Summer Mindfulness Challenge – Week 4

Summer Mindfulness Challenge – Week 4

With the summer holidays now over halfway gone, it can be hard to keep up the entertainment. So this week is all about games and fun. These are all ideas that you can do as a family or with a group of friends so have fun and stay mindful!
You can download a worksheet of all these activities here. Don’t forget to record your reflections in your journal!

Texture bag:

Put a few (familiar!) tactile items in a bag such as a rock, shell, ribbon. Invite your child to put their hand in the bag, pick an item and describe it without taking it out or looking at it. Can they guess what it is?!

Alien dinner party

I love this mindful eating game. Gather some yummy snacks onto a plate, or using your meal, pretend that you are going to invite an alien to dinner. You need to write a description of the food they’ll get, because the alien has never seen it before! Using all the senses, including taste, describe all the items on the plate.

Jenga

Yes, Jenga is a fantastic mindful game for the whole family. Not only is it almost impossible to get a brick out if you’re not concentrating completely, it’s also helpful to practice your relaxation breathing skills to help steady your hand. For older children, you can also invite them to pay attention to whatever it is that distracts them from the game.

Simon Says

You know the game, when Simon gives the instruction “Simon says” you copy what they’re doing but when they give an instruction and action without saying “Simon says”, you don’t do it. This game helps to demonstrate how easy it can be to act without thinking.

Mindful musical statues

For those unfamiliar with children’s yoga, it can be helpful to use a pack of children’s yoga cards for this game. Choose a pose and give the instruction that when the music stops, they have to hold the pose. Change the pose for each time the music stops. Invite them to reflect of how the pose makes them feel, calm? strong? brave? relaxed?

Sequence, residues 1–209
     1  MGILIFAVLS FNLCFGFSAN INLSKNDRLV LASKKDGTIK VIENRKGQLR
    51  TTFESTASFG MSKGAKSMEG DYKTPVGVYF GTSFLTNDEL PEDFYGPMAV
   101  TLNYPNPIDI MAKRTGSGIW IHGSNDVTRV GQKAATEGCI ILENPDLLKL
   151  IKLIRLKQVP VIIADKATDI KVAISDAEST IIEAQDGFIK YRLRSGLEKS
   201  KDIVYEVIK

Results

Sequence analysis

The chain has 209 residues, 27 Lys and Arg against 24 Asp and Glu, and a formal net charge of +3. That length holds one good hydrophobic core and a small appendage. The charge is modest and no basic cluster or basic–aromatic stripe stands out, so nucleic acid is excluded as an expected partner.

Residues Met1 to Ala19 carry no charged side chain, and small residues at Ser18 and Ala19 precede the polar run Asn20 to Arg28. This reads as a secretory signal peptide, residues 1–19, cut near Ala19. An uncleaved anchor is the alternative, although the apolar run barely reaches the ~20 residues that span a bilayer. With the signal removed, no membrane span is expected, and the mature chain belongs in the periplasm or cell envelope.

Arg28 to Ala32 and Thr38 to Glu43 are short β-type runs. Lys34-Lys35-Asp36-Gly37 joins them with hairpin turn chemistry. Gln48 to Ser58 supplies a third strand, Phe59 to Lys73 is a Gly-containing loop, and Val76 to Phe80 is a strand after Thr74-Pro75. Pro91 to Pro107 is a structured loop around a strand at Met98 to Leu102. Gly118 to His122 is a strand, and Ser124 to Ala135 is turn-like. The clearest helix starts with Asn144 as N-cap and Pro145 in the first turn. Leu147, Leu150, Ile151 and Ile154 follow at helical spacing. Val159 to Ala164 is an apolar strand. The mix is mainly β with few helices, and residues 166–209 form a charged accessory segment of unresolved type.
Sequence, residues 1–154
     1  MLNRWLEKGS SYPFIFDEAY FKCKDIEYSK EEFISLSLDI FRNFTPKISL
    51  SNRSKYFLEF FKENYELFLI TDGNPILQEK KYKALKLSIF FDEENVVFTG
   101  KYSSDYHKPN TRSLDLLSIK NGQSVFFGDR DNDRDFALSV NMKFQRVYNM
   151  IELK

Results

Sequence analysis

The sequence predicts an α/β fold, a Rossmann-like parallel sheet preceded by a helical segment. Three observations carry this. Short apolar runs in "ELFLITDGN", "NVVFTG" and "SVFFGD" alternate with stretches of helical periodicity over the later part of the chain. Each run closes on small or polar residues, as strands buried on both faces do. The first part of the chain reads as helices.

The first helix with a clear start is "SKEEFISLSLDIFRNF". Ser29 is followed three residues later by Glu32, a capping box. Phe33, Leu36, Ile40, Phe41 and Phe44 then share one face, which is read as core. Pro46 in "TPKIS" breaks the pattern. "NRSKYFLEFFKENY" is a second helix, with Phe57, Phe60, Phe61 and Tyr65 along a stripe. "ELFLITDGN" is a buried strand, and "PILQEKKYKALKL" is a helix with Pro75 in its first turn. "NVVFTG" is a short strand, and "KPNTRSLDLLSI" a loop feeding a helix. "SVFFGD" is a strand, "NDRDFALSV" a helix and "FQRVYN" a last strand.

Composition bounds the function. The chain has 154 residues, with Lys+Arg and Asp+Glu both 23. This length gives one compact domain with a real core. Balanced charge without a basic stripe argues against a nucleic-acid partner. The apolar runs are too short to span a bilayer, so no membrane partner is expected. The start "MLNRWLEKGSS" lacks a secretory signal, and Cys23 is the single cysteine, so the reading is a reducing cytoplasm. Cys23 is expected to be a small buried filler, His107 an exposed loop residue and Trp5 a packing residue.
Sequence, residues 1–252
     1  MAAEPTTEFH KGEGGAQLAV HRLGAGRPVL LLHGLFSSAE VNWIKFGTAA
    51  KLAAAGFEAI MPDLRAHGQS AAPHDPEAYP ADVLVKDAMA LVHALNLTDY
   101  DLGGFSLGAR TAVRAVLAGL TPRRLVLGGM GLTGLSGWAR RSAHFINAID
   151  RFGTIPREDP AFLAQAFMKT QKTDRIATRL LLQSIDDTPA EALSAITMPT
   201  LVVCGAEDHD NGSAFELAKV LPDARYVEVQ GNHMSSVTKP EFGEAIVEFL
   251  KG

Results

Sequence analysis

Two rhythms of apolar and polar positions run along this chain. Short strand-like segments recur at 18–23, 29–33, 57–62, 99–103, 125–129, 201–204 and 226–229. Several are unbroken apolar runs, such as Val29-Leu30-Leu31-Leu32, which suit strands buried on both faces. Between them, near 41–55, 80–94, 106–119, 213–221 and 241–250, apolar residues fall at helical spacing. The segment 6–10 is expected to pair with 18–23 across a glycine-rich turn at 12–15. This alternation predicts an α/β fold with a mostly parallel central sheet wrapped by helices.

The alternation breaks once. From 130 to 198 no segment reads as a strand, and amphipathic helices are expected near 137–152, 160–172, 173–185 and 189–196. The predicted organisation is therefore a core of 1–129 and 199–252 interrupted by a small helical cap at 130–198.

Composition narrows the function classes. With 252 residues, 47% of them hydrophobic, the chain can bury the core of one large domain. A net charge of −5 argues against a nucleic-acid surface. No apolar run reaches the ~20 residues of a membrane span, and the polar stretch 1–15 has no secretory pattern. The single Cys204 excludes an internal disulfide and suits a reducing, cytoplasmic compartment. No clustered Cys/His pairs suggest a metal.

Emotions walk

A great game for helping children gain greater insight to the relationship between mind and body. Invite them to move around the room according to the emotion that you shout out. Encourage them to reflect on the different way they moved for each emotion and whether any thoughts popped in their minds as they were moving.

Describing a picture

This is a lovely task to do in a group, but can be done 1:1 as well. Gather some pictures, landscapes are often best for this activity. Invite the children to study the picture very carefully for one minute. Then they have to turn the picture over and describe it to the others. For younger children, ask them to choose 5 things they want to tell others about the picture. For groups, only have a couple of pictures it’s amazing the different descriptions that are given for the same picture pictures. It can provide a helpful discussion point about how we all see the same thing differently.

I hope you enjoy the games and activities this week. Good luck with your mindfulness practices  and why not let me know how you get on by leaving a comment or posting a picture on social media using #calmstrongminds. 
See you next week!
Chartered Clinical Psychologist at | [email protected] | Website

Louise is a Chartered Clinical Psychologist specialising in Child and Adolescent Mental Health and Mindfulness. She set up Calm Strong Minds in 2017 to help families to access information and ideas on using mindfulness to develop resilience, confidence, and inner strength. Louise also works in a specialist London NHS hospital with children, young people, and their families.

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